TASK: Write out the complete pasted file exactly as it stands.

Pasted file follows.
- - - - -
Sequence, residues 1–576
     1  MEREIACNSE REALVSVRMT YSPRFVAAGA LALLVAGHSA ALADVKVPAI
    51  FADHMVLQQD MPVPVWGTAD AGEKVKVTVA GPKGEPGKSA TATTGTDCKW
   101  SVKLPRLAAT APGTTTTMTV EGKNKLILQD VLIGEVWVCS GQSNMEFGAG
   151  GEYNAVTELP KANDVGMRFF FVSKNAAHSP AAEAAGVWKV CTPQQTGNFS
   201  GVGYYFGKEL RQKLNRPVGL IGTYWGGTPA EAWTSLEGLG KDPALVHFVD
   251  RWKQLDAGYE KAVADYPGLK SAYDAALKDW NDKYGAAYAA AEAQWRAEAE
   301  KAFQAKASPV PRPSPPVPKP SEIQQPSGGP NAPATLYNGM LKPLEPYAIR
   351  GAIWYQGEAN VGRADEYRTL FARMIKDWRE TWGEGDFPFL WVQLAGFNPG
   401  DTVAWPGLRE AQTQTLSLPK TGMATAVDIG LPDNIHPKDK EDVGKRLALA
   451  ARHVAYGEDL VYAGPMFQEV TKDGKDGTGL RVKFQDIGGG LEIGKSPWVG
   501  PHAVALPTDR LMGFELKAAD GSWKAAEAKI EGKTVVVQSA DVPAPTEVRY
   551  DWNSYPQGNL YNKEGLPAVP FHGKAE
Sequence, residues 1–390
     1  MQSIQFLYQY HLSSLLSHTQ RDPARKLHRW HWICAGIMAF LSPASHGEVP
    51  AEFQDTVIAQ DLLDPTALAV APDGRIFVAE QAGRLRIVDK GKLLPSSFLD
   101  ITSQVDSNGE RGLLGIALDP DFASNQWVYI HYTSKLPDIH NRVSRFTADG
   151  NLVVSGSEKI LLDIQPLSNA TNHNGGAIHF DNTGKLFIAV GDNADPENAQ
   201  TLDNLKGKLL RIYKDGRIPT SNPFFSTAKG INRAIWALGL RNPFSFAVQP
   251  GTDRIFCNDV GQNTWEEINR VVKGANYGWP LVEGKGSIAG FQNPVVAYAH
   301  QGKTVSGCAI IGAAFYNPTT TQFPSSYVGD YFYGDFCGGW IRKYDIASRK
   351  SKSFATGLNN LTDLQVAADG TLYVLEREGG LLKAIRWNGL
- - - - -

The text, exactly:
Sequence, residues 1–576
     1  MEREIACNSE REALVSVRMT YSPRFVAAGA LALLVAGHSA ALADVKVPAI
    51  FADHMVLQQD MPVPVWGTAD AGEKVKVTVA GPKGEPGKSA TATTGTDCKW
   101  SVKLPRLAAT APGTTTTMTV EGKNKLILQD VLIGEVWVCS GQSNMEFGAG
   151  GEYNAVTELP KANDVGMRFF FVSKNAAHSP AAEAAGVWKV CTPQQTGNFS
   201  GVGYYFGKEL RQKLNRPVGL IGTYWGGTPA EAWTSLEGLG KDPALVHFVD
   251  RWKQLDAGYE KAVADYPGLK SAYDAALKDW NDKYGAAYAA AEAQWRAEAE
   301  KAFQAKASPV PRPSPPVPKP SEIQQPSGGP NAPATLYNGM LKPLEPYAIR
   351  GAIWYQGEAN VGRADEYRTL FARMIKDWRE TWGEGDFPFL WVQLAGFNPG
   401  DTVAWPGLRE AQTQTLSLPK TGMATAVDIG LPDNIHPKDK EDVGKRLALA
   451  ARHVAYGEDL VYAGPMFQEV TKDGKDGTGL RVKFQDIGGG LEIGKSPWVG
   501  PHAVALPTDR LMGFELKAAD GSWKAAEAKI EGKTVVVQSA DVPAPTEVRY
   551  DWNSYPQGNL YNKEGLPAVP FHGKAE
Sequence, residues 1–390
     1  MQSIQFLYQY HLSSLLSHTQ RDPARKLHRW HWICAGIMAF LSPASHGEVP
    51  AEFQDTVIAQ DLLDPTALAV APDGRIFVAE QAGRLRIVDK GKLLPSSFLD
   101  ITSQVDSNGE RGLLGIALDP DFASNQWVYI HYTSKLPDIH NRVSRFTADG
   151  NLVVSGSEKI LLDIQPLSNA TNHNGGAIHF DNTGKLFIAV GDNADPENAQ
   201  TLDNLKGKLL RIYKDGRIPT SNPFFSTAKG INRAIWALGL RNPFSFAVQP
   251  GTDRIFCNDV GQNTWEEINR VVKGANYGWP LVEGKGSIAG FQNPVVAYAH
   301  QGKTVSGCAI IGAAFYNPTT TQFPSSYVGD YFYGDFCGGW IRKYDIASRK
   351  SKSFATGLNN LTDLQVAADG TLYVLEREGG LLKAIRWNGL